Broken Britain: 2018 Acid Attack Victims Aged 11 to 72 in Cambridgeshire

Colombian doctor Alan Gonzalez gets ready to operate on 32-year-old acid attack survivor Angeles Borda in his surgery in Bogota, Colombia on May 30, 2017. Dr. Alan Gonzalez is a Colombian plastic surgeon who provides free operations to women who have been disfigured by acid attacks, through the "Rebuilding Faces" …
RAUL ARBOLEDA/AFP/Getty Images

Acid attackers targetted victims including an 11-year-old child and a 72-year-old pensioner in the first few months of 2018 in Cambridgeshire, hitherto more famous for its university colleges and cathedrals than violent crime.

The handsome English county suffered a number of gruesome attacks between January and May 2018, according to Cambridgeshire Live, citing statistics uncovered through the Freedom of Information Act.

“We take acid attacks very seriously because they can often have a devastating effect on victims, particularly if they are young or otherwise vulnerable,” said a spokesman for Cambridgeshire Police — although they also claimed it was “important to note” that such attacks are “still very rare”.

This is certainly true if the numbers are compared to multicultural urban centres such as London, under Mayor Sadiq Khan, where such attacks now occur with frightening regularity — and police have even been issued with equipment designed for war zones to treat victims more efficiently.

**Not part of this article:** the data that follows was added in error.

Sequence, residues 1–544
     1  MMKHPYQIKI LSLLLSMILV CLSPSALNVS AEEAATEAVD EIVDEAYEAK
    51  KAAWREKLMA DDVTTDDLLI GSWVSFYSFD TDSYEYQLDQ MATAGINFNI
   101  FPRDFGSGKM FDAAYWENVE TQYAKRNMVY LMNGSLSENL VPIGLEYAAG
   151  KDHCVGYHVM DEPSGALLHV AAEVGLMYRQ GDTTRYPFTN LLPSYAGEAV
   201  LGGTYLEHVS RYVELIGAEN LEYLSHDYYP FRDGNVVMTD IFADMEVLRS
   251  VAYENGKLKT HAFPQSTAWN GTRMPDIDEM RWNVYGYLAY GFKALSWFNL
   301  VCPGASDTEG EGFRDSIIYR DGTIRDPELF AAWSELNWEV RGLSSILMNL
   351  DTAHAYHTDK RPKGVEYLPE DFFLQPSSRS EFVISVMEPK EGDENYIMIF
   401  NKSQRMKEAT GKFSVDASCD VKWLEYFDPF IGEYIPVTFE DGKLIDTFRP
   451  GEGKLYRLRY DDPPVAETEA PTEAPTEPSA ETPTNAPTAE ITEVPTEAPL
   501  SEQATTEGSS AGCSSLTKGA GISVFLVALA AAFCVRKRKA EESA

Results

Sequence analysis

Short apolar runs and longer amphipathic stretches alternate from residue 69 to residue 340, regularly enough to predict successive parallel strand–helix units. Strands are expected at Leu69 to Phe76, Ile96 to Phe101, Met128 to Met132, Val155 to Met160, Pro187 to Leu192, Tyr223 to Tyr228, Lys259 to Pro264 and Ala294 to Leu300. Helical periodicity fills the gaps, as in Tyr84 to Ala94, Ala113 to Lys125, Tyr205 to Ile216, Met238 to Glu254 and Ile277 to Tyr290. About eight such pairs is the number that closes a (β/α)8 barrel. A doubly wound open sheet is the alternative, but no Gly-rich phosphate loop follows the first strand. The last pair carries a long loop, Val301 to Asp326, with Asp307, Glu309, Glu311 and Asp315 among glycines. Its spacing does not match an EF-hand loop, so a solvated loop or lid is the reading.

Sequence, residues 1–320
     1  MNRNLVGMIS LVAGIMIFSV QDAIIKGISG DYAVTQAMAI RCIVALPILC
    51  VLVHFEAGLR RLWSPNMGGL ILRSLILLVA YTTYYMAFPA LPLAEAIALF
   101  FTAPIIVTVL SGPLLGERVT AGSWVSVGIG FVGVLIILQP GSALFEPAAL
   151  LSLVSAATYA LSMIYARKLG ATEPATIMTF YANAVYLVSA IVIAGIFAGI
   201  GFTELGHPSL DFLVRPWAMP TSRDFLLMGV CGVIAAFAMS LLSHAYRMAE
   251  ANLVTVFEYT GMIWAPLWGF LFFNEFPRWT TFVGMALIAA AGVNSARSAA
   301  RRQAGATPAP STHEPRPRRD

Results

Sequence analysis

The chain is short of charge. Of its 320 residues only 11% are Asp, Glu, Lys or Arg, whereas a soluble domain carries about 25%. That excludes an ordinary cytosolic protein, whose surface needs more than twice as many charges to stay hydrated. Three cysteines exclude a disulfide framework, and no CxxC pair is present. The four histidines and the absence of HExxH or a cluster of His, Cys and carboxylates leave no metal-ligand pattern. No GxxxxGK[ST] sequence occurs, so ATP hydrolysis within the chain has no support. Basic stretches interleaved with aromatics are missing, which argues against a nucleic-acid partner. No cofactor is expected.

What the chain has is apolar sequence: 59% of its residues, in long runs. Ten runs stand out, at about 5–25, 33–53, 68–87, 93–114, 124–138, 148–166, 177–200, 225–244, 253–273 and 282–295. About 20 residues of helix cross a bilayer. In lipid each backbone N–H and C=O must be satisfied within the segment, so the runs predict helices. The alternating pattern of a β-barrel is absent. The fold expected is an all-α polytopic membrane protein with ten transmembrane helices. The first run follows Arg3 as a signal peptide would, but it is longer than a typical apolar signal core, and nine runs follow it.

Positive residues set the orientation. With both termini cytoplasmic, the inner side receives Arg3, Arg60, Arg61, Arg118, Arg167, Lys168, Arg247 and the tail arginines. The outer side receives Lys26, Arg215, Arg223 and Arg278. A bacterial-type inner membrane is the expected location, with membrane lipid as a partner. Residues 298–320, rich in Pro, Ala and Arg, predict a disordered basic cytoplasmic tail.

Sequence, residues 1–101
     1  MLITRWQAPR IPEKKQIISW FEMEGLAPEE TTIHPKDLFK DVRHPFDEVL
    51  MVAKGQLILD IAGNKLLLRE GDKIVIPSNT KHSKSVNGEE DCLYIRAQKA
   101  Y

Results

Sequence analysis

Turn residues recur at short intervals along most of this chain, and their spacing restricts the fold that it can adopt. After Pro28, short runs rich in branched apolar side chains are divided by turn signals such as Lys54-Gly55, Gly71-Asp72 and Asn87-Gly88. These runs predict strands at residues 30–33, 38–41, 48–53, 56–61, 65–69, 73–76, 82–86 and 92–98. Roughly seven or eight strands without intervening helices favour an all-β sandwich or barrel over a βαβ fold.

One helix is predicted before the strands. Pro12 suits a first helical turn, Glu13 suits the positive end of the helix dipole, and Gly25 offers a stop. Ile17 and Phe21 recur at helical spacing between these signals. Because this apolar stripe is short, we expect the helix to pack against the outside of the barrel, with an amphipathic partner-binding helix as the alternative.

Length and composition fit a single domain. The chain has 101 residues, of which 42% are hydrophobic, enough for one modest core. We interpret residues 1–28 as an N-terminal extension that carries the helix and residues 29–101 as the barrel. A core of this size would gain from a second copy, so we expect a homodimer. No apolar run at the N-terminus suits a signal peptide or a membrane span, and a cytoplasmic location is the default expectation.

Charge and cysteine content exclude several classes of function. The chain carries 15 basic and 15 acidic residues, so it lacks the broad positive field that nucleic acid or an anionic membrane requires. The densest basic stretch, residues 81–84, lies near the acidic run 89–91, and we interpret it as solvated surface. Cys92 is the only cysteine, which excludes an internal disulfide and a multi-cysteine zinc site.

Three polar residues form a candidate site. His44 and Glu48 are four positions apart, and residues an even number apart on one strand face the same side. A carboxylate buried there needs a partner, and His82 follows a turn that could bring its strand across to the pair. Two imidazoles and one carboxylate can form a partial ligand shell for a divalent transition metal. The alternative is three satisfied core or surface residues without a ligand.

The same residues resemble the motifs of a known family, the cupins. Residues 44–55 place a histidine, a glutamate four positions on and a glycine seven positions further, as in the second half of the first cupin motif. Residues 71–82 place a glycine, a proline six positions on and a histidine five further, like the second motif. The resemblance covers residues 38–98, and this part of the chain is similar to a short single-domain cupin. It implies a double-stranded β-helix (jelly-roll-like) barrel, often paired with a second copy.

However, the Cambridgeshire figures show nine people were victimised in the county between January and May 2018, compared to a total of 30 between 2012 and 2017 — suggesting a long-term increase in attacks.

Across the country, an average of 15 acid attacks a week are carried out, with three-quarters taking place in London.

A slim majority of acid attacks in Cambridgeshire between 2012 and 2017 were inflicted on women, which on the surface would appear to be in line with the conventional view of victims as women from non-European “honour” cultures being punished for perceived social transgressions.

The United Kingdom goes against the grain in this respect, however, with victims predominantly male and perpetrators skewing disproportionately but not exclusively non-white, and South Asians not particularly overrepresented.

Instead, acid appears to be a weapon of choice for armed robbers, home invaders, and gang members of all backgrounds in Britain’s high diversity, low social cohesion cities, being used to intimidate or disable with little concern for the serious, long-term injuries they can inflict.

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